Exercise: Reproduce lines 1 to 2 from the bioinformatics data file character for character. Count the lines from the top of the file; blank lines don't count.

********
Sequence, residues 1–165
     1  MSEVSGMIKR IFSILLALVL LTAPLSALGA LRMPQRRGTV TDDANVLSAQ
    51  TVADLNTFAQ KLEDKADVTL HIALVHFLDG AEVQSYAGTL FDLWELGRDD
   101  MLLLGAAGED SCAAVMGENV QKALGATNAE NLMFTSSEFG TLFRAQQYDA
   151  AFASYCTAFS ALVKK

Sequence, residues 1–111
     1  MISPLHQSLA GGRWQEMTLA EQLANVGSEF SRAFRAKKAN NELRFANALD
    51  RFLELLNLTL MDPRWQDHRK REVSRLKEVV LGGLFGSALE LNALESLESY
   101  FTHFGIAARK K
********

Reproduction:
Sequence, residues 1–165
     1  MSEVSGMIKR IFSILLALVL LTAPLSALGA LRMPQRRGTV TDDANVLSAQ